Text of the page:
Citizen Science Programme

You can be a scientist too whether you are a student or a concerned citizen – You are welcome to join our existing citizen science programs to scientifically monitor water bodies around you or initiate your own.

You don't need a degree in zoology or botany or any other biological sciences to be a part of this quest to save our world; all you need is to actually want to save it. And of course, a dash of interest, a sprinkle of curiosity, and the absolute will to make a difference.

What is Citizen Science?

Citizen science is when citizens—that is you, aid scientists—to understand the world we inhabit in all its absolute, confounding, beautiful complexity. It is a LivelyWaters! program that involves YOU the citizen in understanding freshwater bodies and its biodiversity.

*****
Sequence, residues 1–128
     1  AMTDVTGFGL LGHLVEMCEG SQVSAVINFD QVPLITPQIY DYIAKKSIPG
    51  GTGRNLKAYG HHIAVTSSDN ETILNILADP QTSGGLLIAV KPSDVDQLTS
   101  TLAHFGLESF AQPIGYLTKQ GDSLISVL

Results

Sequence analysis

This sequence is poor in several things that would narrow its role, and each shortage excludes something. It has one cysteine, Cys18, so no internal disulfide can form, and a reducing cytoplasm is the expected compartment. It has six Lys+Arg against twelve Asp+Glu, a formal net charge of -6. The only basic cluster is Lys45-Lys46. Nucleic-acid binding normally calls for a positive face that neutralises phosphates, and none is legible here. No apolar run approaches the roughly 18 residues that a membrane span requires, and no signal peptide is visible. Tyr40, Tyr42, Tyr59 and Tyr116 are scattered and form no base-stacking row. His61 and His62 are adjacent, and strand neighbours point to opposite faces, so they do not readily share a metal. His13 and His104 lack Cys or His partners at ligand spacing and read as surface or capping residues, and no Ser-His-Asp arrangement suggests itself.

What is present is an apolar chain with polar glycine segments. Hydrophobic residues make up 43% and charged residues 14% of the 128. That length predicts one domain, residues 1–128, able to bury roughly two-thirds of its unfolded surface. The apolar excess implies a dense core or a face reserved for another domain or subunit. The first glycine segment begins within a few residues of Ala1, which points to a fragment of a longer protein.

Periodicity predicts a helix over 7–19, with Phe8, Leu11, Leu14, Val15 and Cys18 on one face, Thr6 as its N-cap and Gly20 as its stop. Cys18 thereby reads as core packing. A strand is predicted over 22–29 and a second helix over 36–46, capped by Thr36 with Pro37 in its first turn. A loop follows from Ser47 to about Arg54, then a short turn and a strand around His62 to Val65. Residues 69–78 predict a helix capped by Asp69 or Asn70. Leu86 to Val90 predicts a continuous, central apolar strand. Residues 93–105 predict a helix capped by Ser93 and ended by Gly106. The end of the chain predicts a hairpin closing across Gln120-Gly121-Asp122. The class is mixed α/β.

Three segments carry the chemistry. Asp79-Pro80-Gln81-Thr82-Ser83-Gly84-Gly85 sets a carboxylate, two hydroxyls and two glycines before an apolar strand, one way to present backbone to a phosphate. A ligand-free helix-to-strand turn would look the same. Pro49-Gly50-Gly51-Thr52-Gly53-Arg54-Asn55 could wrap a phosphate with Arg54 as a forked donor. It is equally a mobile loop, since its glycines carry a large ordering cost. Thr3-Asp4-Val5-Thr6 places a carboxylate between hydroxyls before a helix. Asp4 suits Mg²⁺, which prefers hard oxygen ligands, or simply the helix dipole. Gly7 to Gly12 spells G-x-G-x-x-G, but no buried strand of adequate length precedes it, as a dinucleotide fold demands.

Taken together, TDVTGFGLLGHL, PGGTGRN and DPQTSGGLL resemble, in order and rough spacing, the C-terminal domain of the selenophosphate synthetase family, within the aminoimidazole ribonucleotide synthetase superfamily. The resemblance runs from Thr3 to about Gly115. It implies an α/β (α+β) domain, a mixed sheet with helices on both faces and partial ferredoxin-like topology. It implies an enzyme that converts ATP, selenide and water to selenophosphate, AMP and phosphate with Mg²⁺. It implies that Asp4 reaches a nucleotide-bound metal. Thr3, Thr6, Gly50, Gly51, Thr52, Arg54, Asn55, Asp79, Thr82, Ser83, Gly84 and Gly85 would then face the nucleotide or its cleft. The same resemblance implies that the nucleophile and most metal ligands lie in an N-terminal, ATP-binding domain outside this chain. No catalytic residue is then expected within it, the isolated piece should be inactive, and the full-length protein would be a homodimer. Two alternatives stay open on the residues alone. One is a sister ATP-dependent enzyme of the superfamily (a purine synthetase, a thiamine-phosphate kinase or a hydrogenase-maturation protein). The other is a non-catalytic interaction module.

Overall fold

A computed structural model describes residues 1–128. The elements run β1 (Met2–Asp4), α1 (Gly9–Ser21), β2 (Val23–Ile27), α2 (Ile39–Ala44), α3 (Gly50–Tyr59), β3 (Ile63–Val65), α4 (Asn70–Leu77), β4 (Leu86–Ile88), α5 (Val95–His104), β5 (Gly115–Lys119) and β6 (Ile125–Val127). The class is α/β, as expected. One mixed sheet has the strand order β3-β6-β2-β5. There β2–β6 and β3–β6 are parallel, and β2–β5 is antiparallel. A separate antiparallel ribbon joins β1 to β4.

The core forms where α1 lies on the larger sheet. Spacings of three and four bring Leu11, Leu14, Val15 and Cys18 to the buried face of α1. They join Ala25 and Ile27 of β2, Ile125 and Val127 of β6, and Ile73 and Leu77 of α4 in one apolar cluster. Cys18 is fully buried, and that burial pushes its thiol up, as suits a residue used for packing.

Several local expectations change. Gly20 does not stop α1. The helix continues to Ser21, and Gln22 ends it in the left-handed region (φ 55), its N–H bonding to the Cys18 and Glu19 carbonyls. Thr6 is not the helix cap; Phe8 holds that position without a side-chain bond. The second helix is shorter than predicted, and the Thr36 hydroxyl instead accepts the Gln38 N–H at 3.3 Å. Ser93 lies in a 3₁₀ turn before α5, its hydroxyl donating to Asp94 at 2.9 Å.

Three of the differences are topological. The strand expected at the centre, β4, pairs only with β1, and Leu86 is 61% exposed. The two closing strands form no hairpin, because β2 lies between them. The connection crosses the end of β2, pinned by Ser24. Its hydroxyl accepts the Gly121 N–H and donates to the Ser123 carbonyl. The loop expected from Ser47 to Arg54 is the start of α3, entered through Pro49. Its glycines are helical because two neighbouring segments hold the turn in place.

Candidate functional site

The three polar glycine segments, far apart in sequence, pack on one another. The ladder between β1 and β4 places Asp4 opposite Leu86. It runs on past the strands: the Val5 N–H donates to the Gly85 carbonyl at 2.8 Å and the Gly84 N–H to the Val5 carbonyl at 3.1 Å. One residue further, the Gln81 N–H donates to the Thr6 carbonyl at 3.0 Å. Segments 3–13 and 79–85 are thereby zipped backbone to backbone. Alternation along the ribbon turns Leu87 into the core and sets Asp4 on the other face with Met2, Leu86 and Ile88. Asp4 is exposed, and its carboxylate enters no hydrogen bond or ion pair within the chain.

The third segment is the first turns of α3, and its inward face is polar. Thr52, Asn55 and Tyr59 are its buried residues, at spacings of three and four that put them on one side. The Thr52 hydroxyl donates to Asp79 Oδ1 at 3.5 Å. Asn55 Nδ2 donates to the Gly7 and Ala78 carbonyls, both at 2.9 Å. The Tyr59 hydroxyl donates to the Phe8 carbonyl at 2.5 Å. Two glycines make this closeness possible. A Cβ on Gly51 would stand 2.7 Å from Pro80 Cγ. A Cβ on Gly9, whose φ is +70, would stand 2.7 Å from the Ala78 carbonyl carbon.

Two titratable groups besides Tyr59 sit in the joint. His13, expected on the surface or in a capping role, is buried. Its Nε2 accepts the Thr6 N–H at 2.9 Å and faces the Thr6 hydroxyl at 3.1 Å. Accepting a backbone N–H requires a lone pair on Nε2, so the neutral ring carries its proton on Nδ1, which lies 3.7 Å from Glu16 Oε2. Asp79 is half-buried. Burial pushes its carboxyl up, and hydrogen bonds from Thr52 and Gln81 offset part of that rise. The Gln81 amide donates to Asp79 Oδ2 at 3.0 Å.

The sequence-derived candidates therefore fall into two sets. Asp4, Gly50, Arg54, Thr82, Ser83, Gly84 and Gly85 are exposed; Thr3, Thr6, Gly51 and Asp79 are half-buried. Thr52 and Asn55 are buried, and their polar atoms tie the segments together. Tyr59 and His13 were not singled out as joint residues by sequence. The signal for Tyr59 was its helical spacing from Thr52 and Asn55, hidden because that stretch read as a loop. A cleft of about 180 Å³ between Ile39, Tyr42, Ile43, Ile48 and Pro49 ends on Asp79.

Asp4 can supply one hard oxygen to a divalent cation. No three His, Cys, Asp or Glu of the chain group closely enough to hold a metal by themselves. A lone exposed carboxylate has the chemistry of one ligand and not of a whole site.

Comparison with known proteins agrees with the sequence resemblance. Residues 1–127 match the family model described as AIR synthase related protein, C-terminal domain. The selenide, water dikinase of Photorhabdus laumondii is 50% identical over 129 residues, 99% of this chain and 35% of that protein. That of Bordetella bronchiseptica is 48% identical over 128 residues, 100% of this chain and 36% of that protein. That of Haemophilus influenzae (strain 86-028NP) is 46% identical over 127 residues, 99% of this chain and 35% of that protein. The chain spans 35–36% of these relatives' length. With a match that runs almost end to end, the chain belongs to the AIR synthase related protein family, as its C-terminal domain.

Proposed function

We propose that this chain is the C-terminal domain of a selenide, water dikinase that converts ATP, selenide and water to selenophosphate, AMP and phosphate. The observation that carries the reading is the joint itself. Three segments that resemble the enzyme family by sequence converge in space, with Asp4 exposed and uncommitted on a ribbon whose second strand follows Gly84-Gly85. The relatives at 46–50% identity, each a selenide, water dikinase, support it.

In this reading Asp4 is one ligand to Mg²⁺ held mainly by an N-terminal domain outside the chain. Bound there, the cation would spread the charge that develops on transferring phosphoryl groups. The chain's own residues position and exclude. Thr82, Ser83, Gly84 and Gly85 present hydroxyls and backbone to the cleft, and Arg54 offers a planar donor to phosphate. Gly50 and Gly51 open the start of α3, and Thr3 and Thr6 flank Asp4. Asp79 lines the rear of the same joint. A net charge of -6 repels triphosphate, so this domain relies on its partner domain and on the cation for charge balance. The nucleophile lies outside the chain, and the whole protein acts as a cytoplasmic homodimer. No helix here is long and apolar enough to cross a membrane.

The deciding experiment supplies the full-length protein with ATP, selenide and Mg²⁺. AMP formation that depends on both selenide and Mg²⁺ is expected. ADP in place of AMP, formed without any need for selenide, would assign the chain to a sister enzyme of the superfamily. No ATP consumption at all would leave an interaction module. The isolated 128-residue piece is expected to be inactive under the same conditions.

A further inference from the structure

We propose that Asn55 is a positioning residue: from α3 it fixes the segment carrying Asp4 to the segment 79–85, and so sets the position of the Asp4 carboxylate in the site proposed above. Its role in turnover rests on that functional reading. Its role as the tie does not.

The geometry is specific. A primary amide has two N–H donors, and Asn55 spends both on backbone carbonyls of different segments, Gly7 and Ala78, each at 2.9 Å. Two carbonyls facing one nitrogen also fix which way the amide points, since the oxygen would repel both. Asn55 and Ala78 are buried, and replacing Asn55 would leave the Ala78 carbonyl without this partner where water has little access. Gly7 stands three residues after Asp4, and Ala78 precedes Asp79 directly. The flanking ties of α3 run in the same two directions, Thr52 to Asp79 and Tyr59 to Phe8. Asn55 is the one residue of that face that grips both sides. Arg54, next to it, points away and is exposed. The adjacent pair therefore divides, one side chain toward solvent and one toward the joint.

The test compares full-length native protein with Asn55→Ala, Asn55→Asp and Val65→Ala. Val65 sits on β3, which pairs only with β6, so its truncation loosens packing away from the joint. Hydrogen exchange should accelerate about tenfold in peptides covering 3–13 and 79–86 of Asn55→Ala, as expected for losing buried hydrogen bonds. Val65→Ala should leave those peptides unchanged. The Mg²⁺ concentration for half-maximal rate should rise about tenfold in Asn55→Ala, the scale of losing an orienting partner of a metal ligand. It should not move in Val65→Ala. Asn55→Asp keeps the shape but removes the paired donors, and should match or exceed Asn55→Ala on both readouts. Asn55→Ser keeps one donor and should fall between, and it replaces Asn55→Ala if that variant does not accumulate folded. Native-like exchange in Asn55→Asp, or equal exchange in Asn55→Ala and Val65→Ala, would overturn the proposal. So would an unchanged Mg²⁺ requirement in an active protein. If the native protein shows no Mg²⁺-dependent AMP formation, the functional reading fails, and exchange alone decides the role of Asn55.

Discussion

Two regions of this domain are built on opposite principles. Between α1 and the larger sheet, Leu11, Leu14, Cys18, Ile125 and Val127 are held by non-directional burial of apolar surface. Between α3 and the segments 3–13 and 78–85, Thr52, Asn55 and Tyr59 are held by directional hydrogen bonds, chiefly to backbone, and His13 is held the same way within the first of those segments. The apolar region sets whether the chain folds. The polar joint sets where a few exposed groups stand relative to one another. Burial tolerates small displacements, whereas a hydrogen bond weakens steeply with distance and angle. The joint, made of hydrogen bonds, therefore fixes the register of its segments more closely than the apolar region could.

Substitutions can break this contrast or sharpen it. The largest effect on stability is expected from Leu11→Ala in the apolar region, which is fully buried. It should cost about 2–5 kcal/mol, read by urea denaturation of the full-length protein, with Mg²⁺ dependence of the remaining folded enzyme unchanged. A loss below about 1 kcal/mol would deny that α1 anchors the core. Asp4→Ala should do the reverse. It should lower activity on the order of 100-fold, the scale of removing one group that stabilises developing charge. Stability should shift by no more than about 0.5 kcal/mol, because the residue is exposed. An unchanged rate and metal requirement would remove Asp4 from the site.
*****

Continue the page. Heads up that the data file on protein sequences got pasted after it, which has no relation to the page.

lively you

Its great to know that you would like to be a part of this lively initiative and Citizen Science Programme about freshwaters! You can volunteer you time/work with us in a professional capacity/interns are always welcome with their new ideas and innovative thinking/support us with equipment or research materials/last but definitely not the least, sponsor specific events, campaigns or aspects of research projects.

Working together to push freshwater biodiversity and ecosystem conservation, we can catalyze the changes needed to ensure freshwater and human survival on the Indian subcontinent.